Anyone who is willing and able to help volunteer once a month at the new PetSmart store in McCalla we need you! It is from 10-2. We are adopting a few of our dogs there. Please contact Judy or Linda at the shelter.*************************************************************
Someone has been taking pictures of our animals and posting them on Ebay and Craigslist without permission. Please know that we do not promote our animals this way. These people could actually be doing more harm than good in the fact that many people “buy” dogs for the wrong reasons on these sites. Not everyone wants a family pet.
ANY VISITOR MAY NOT UNDER ANY CIRCUMSTANCES TAKE PICTURES OF ANY OF THE SHELTER ANIMALS WITHOUT WRITTEN PERMISSION FROM UPPER MANAGEMENT. THIS ESPECIALLY MEANS STRAY ANIMALS. PLEASE RESPECT THE ANIMALS AND OUR STAFF. THANK YOU!
Metro Animal Shelter, Inc. is a 501c-3 non-profit organization that opened its doors in July, 1994. We take in about 8,000 animals a year, and adopt out about 1,200 dogs and cats each year. The shelter does feline leukemia tests on all cats and kittens that are adopted, and heartworm tests on all adult dogs adopted out. We do in-house spay and neuter surgery on most of our shelter animals before they are adopted. Underage animals or unaltered animals require a refundable spay/neuter deposit at the time of adoption. All animals over 6 months are microchipped. We have a veterinarian who will handle any emergency after hours cases for us, and provide a free vet check for any animal adopted from us.
Metro Animal Shelter is a non-profit organization funded by the City of Tuscaloosa, the City of Northport, and the Tuscaloosa County Commission. Along with these funds, we also receive donations which are tax-deductible, redemptions and adoption fees. All animals, regardless of their age, are taken in by us. We are proud to be a member of the Humane Society of the United States as well as the American Humane Association, the Alabama Humane Federation, and the Alabama Animal Control Association.
Our shelter uses the SAFER test that helps us identify dogs that will make wonderful pets, dogs that need a small amount of behavior modification, and dogs that will not make appropriate pets. Ultimately, this means better placements, safer in-shelter interactions, and fewer returns. This test, however, is not a guarantee of the dog's behavior once it leaves the shelter and is placed in a home environment. Any dog is unpredictable in a home setting. Our profile of each animal is a guideline ONLY to help us match the appropriate pet with a potential adopter.
Have a Cool Drink & Help Animals at the Same Time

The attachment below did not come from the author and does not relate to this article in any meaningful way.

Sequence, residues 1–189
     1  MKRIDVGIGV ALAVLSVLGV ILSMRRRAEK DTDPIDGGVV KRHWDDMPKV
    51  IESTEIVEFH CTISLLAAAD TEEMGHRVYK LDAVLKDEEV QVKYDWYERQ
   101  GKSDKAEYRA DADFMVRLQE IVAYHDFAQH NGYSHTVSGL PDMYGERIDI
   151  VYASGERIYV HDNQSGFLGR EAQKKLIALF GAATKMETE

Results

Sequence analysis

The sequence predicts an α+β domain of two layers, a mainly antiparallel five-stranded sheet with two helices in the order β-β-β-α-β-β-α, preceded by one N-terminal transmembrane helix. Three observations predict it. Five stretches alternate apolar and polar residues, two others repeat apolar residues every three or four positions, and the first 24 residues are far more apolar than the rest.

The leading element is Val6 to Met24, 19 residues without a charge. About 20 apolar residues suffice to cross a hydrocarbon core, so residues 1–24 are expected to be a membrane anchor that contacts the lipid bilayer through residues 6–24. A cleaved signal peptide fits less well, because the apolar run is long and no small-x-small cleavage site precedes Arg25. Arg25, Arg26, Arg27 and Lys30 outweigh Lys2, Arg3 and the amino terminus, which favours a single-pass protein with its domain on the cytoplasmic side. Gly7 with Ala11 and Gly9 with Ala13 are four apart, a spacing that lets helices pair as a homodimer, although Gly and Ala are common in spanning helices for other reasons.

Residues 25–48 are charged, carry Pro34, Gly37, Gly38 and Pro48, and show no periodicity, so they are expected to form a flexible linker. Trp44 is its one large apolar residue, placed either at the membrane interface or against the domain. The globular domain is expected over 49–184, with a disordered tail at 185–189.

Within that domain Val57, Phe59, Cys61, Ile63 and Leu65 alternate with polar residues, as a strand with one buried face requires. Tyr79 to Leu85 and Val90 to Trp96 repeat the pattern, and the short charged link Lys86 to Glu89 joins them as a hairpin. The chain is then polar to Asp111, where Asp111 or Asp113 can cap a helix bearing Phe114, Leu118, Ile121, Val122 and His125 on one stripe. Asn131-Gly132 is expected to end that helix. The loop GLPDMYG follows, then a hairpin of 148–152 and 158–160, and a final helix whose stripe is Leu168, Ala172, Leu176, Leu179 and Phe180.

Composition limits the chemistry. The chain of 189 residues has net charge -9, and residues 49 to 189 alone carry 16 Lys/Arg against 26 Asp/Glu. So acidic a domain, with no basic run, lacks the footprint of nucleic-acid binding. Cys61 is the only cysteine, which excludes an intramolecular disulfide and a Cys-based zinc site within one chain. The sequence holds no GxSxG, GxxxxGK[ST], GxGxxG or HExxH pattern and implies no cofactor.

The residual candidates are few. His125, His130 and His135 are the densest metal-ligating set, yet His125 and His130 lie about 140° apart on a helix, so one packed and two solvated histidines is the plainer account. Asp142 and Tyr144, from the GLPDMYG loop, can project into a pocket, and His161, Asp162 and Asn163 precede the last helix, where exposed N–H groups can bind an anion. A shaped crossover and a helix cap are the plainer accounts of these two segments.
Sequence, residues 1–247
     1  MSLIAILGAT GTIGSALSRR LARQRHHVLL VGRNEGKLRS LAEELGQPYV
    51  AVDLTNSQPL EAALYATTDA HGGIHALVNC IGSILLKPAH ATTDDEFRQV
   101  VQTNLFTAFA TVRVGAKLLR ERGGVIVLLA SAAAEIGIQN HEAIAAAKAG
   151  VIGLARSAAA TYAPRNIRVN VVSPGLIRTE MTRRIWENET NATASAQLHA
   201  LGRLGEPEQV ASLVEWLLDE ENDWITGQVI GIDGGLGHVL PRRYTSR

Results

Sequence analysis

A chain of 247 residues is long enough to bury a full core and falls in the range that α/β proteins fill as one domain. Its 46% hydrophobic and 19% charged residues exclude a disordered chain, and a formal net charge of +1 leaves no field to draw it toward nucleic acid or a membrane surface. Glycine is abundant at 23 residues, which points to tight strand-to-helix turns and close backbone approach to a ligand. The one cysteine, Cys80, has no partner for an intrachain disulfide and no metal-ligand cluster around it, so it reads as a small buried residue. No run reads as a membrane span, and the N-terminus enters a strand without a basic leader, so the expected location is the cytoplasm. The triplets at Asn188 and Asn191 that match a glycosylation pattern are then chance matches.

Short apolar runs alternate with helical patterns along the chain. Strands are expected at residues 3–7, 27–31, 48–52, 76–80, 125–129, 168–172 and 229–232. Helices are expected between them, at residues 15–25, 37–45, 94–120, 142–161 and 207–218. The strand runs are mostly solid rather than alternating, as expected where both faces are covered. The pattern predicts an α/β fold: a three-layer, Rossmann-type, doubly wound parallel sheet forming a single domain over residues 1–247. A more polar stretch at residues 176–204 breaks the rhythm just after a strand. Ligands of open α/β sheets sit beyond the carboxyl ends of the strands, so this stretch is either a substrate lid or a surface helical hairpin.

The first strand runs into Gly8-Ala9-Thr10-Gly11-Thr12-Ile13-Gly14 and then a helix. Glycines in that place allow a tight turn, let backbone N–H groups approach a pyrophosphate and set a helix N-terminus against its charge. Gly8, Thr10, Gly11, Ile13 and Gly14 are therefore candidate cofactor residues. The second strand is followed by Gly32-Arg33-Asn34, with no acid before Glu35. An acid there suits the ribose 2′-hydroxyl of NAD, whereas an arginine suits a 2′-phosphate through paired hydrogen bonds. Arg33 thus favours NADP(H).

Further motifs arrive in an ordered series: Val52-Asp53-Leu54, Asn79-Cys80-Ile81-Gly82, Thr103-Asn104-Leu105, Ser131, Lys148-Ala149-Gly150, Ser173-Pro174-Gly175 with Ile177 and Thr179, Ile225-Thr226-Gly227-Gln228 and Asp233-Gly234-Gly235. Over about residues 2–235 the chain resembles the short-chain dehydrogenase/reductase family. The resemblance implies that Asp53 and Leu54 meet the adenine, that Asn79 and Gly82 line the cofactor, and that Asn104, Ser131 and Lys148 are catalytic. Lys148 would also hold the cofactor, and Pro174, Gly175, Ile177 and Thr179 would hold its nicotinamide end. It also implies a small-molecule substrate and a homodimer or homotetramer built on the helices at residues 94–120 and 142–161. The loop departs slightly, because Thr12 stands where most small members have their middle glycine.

These young ladies show what initiative and caring for animals is all about. You don't have to be an adult, a wealthy person or anything else special to help animals; these young ladies are all under ten years old and have taken the initiative to open a lemonade stand where ALL proceeds go directly to Tuscaloosa Metro Animal Shelter.
Please Click on the link below to read the full story of these incredible girls.
|What Follows is additional information about the shelter.|
FOSTER CARE: Litters of puppies and litters of cats that are too young need foster homes temporarily until they are old enough to be adopted. Ask our staff for information if you are interested in becoming a foster parent.
FEEDING PROGRAM: Every animal at our facility is on a strict diet of Science Diet according to their age and weight. This has helped tremendously with some health issues that were due to poor nutrition before they arrived here with us. We encourage every adopter to keep their new pet on a good quality food.
TRAPS: Citizens that trap animals in a private cage can bring their animals to the shelter. Humane trapping cages for stray domestic animals are available for rent, if available, for a fee of $50 which will be refunded when the cage is returned in a timely manner.
ANIMAL BITES: Stray cats or dogs which have scratched a human must be quarantined and observed for symptons of rabies for 10 days. Report all animal bites or scratches that result in broken skin to Enviromental Health, 554-4540.
EDUCATION: Presentations such as pet care and responsibiliy are offered in surrounding schools in and beyond our county and well as to other interested groups. Tours are available at our facility. For more information call 752-9101.